CAMDEN, NJ  — Residents that have pushed to protect traditional public schools amid a district budget crisis can breathe a sigh of relief as one of the city's longstanding institutions was saved from being shut down.

Camden Schools Superintendent Katrina McCombs said Wednesday morning that Veterans Memorial Family School, previously set to be shuttered due to repair costs, will remain open for at least another year with a funding commitment from the state.

It was stated in early April that the work necessary for the 90-year-old school in the Cramer Hill neighborhood approached $14 million.

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After a Department of Education meeting on Tuesday, McCombs had confidence that the state-run district will receive $6 million through an application to address the building's most pressing issues, including a new roof and HVAC updates, and cover staffing for the 2019-20 year.

Education Commissioner Lamont Repollet wanted to hold off on closing Veterans Memorial, asking district officials to use the year to determine a "long-term vision" for the district, McCombs said.

"So instead of each year doing one-off closures, (Repollet) wants us to really focus in on deep stakeholder engagement and build a solid plan to be sure that we are efficiently operating schools across the landscape of Camden," McCombs told TAPinto Camden.

The news to retain the school came at an advisory board meeting open to the public. Keith Errol Benson, one of a handful of schools advocates in attendance, called the decision a victory for so many in the city, whose "hearts are full."

Not long after the district initially announced two months ago that the school would shut down for the 2019-20 academic year, members of the community took action.

Vets students marched with signs on the front lawn that same week and spoke out against the plan. Keith Benson, president of the Camden Education Association, set out on a 40-mile walk to Trenton to urge those at the state level to provide the funding needed to keep the school active.

With the DOE's word on partial aid, McCombs acknowledged not every problem can be addressed. But it will be a good start for a building that hasn't seen "true maintenance done" for the last 20 years, she said.

Discussions with the state Schools Development Authority are helping to determine the priority of the repairs, she added.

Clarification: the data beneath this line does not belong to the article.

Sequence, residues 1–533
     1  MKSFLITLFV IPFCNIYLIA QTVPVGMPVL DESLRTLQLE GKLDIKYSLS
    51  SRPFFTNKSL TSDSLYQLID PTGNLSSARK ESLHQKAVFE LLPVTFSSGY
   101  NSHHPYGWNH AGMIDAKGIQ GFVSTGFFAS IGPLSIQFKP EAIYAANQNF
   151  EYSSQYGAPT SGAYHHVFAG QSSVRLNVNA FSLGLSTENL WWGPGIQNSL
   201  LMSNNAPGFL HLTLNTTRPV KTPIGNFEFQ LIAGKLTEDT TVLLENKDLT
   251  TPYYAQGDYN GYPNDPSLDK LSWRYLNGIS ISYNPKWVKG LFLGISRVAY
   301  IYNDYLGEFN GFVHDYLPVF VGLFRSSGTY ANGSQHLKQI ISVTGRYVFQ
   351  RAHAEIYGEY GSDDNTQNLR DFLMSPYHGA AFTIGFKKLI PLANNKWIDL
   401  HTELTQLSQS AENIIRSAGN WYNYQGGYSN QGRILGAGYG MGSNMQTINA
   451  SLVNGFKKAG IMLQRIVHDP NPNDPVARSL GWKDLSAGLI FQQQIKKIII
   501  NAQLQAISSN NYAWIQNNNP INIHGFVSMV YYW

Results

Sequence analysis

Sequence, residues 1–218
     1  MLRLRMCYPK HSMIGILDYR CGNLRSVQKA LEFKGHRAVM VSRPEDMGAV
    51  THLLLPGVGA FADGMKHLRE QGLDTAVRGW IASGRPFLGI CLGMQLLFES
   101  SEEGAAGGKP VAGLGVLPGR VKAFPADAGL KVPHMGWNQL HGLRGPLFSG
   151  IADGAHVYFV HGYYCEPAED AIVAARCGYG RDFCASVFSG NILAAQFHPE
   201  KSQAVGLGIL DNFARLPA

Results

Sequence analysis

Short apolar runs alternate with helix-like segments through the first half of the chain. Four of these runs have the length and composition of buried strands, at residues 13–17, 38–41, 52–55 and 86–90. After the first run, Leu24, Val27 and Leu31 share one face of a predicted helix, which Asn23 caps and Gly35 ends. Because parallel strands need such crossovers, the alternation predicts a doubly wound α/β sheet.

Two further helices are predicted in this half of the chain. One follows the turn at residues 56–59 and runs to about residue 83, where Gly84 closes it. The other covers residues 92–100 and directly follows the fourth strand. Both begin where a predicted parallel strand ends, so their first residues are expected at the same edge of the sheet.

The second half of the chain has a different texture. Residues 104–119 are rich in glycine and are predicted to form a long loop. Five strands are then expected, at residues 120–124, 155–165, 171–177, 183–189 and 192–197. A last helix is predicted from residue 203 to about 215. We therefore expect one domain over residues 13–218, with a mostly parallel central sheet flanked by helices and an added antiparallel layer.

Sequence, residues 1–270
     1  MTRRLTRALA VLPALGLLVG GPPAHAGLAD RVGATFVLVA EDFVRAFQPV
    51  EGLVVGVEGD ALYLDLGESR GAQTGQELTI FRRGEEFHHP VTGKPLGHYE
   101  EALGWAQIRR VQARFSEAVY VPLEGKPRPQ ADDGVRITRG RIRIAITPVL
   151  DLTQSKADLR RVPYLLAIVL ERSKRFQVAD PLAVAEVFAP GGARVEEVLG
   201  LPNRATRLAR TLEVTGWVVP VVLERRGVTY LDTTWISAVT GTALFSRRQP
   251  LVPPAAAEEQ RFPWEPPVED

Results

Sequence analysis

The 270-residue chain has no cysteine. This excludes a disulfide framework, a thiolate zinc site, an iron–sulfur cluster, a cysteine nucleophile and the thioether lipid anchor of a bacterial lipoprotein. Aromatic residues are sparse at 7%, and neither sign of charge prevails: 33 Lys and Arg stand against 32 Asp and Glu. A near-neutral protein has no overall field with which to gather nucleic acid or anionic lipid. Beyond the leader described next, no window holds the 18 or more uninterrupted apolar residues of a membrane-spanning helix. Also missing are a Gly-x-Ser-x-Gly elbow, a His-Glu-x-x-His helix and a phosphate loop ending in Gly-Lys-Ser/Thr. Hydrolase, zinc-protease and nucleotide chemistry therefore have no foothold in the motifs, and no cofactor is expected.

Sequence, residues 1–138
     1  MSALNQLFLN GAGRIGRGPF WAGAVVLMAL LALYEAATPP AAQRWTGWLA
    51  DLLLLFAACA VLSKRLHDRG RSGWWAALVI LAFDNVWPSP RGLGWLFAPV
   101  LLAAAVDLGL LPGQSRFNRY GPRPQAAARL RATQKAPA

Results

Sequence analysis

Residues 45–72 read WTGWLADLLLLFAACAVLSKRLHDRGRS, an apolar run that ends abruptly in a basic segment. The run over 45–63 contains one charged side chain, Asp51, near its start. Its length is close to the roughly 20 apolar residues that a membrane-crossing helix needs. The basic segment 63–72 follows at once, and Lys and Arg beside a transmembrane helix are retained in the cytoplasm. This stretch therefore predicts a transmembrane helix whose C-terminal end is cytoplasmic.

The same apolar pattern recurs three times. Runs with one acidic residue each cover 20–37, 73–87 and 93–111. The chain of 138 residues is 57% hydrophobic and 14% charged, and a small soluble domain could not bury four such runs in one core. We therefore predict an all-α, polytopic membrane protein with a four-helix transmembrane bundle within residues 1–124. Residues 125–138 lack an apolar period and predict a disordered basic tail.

"We want to make sure that the building gets the care it needs, even if it's open for one more year," said McCombs, who is most concerned about preventing mold growth and excess moisture to protect those with asthma. "And as a result of our engagement, we may find that it may not be a building we close in the future."

McCombs said during Wednesday's advisory meeting that the district will apply for another $11 million in emergency aid to close the gap in its budget, approved in mid-May. Officials slashed what was a $27 million deficit to avoid the "doomsday scenario," she said, which brought fears of having to lay off nearly 200 staffers.

The current total sits at 34 employees, down slightly from the layoff notices sent last month because of attrition, resignations, and retirements, she said. That does not include 21 custodial workers who will be out of work after a shared service agreement with Mastery Charter schools was terminated.

"Getting that money would help to ensure that we don't have to make additional staff reductions on top of what we've already done," McCombs said.

The aid can be sought out once the state budget is finalized, likely in early July, McCombs said, with notification of the decision made prior to September. An agreement with the previous administration that assured $9 million to $10 million each year is no longer active, she added.

"We have been given the commitment that this (process) will be expedited as much as possible," McCombs said. "We have the full support of the commissioner moving forward with the application."

Any funding obtained will not affect the district's other planned measures of closing the Bonsall Annex Preschool and converting the Riletta T. Cream Family School, a K-8 facility, into an early childhood center. Cramer Elementary School is also being repurposed as a dual-language academy for pre-K through sixth grade.

The five classrooms of 75 children from Bonsall will be shifted to the new Riletta T. Cream center this fall, which will also welcome preschoolers from H.B. Wilson Elementary. The 300 or so former Cream students in kindergarten through fifth grade will move to H.B. Wilson, and the sixth through eighth graders will move to Creative Arts Morgan Village Academy.

"This was something that was based on feedback from parents during our Listen and Learn tour and our own research," McCombs said. "We're moving forward with making decisions that are aligned with community feedback and what we know is best practice for students."

The finalized 2019-20 academic year budget, prior to emergency aid, was approved at $365.6 million. This is a decrease from the current year of $382.7 million.

Enrollment in traditional public schools is expected to drop from 6,358 students this year to 6,060 students in the fall, according to the budget. Renaissance schools, meanwhile, will see an increase of close to 400 students to 4,786. A slight dip in charter schools brings the total to 4,374 students, a difference of less than 50 students.

Since 2014-15, district school enrollment has steadily dropped from 8,180 students, while renaissance schools continue to rise from 543 students following their introduction to Camden. 

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